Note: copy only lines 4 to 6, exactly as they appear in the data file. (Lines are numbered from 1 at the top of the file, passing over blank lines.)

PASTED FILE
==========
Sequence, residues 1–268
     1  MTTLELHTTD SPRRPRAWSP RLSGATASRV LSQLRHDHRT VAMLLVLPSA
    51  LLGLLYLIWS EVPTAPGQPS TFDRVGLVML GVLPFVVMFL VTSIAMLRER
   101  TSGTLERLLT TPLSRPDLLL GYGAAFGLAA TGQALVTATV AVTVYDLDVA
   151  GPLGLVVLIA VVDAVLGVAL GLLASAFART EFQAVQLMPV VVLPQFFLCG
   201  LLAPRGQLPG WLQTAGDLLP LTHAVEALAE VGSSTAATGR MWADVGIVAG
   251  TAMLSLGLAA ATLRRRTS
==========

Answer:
   101  TSGTLERLLT TPLSRPDLLL GYGAAFGLAA TGQALVTATV AVTVYDLDVA
   151  GPLGLVVLIA VVDAVLGVAL GLLASAFART EFQAVQLMPV VVLPQFFLCG
   201  LLAPRGQLPG WLQTAGDLLP LTHAVEALAE VGSSTAATGR MWADVGIVAG